Congressman John Marvin Nieto, more popularly known for his screen name Yul Servo, was one of the “stars” (actors-turned-politicians) in Manila’s City Council for nine long years. After completing three terms in 2016, he hesitantly threw his hat in the congressional race in the city’s third district and surprised the pundits when he convincingly won the nod of the voters, many of them Filipino-Chinese. Since then, he has emerged as one of the leading men at the House of Representatives, hobnobbing with celebrities in that chamber like Reps. Vilma Santos-Recto, Lucy Torres Gomez, Sol Aragones, Monsour del Rosario, and Alfred Vargas.

With the many bills and resolutions he had authored, coauthored, sponsored, or co-sponsored as gleaned from the records of the lower chamber of the Philippine Congress, it can be said that Congressman Nieto has found his new calling. PUSHING SCIENTIFIC BOUNDARIES Two bills that he takes pride in having co-authored are centered on science and technology, believing that they are vital keys in the speedy growth and progress of the country. The first, House Bill No. 5792, seeks to address the country’s lack of scientists by attracting back to the country Filipino scientists, experts, engineers, and inventors who had made their name in the United States and other countries under a “Balik Scientist’’ program by providing appropriate incentives and benefits like tax and duty exemptions, grants in aid of research and development projects, relocation allowances, among others. The second bill, House Bill No. 4275, aims to catapult the Philippines into the space age and harness space science and technology through the creation of the Philippine Space Agency (PhilSA) akin to the National Aeronautics and Space Agency (NASA) of the United States of America. Owing to its importance, the first measure hurdled both houses of Congress with ease and the approved bill has, in fact, been signed into law by President Rodrigo Duterte. The second bill was also approved overwhelmingly by the House and the Senate is ready for final approval.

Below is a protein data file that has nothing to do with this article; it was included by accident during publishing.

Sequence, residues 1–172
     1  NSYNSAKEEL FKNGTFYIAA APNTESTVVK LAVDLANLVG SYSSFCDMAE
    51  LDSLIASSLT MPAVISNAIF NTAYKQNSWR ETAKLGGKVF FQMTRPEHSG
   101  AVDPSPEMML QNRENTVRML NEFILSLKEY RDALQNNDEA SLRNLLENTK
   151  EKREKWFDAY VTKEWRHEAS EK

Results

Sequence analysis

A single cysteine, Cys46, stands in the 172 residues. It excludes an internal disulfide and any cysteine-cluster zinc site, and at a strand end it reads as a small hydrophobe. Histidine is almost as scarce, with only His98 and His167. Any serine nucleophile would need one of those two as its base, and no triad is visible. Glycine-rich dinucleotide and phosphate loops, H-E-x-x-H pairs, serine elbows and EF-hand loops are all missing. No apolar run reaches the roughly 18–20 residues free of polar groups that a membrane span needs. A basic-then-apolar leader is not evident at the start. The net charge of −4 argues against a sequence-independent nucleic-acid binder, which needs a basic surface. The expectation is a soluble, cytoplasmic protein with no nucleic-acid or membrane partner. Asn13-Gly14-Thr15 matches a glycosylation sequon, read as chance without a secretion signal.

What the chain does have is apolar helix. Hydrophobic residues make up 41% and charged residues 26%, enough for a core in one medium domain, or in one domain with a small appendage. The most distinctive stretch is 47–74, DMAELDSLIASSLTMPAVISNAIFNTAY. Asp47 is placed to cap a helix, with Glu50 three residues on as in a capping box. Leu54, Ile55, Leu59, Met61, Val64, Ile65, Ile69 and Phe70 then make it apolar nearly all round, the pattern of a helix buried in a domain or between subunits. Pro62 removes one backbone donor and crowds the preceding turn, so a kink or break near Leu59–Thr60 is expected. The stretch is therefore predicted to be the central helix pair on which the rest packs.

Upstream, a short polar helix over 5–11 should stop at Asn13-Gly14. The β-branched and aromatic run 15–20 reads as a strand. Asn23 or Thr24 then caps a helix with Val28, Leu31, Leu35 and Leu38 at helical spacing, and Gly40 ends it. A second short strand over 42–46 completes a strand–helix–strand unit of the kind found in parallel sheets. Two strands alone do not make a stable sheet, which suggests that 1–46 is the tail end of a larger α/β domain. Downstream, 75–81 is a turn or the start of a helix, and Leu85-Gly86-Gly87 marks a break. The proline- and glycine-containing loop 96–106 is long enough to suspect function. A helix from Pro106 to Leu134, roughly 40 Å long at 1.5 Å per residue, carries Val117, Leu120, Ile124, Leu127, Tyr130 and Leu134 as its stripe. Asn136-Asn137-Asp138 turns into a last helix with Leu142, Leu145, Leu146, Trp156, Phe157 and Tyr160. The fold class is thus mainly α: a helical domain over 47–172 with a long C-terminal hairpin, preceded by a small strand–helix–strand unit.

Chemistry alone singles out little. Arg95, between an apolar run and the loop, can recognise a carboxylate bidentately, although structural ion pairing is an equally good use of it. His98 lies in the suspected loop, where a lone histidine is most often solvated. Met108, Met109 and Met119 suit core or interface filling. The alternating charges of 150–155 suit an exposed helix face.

It was gathered that the country has only 189 scientists per million people when the ideal ratio is 380 scientists per million. This explains why the country trails behind many countries like the US and South Korea, which have over 5,000 and 3,000 scientists per million, and Malaysia with 2,000 scientists per a population of one million.“I’m very happy and proud that my bill has become a law (Republic Act No. 11035) and, hopefully, with this, the country can catch up with our Asian neighbors. Malaking bagay ito para sa bansa,” Congressman Nieto points out.

The Philippines has already built and launched satellites in space but more must still be done to develop and promote a national space program. Congressman Nieto stresses that the proposed PhilSA under his bill shall be in charge of developing a space program that can help improve disaster management, enhance the lives of Filipino farmers, speed up internet and telecommunications systems, among others. Space technology, according to the Manila lawmaker, can give early warnings on hazards and natural disasters, which can help boost the country’s agricultural production.

EDUCATION AND HEALTH—TOP PRIORITIES
Congressman Nieto, who is now only 41 and was an award-winning actor prior to throwing his hat in politics in 2007, has the good of the youth at heart. This is manifested, for instance, in his all-out support to the free tuition bill which ended up as a law, Republic Act No. 10931, and officially called the Universal Access to Quality Tertiary Education Act. The new law gives full tuition subsidy for thousands, if not millions, of students in about 200 State Universities and Colleges (SUCs) and local universities and colleges (LUCs) as well as state-run technical and vocational schools like the Technical Education and Skills Development Authority (TESDA). The law also allotted a total of P40 billion for the first year, School Year 20182019, of its implementation, P16 billion of which is for free higher education, P7 billion for free tech-voc education, P15.851 billion for tertiary education subsidy, P1 billion for student loan program, P11 million for the Tertiary Education Tracking and Reporting System and another P11 million for the administrative cost of the Unified Student Financial Assistance for Tertiary Education (UniFast).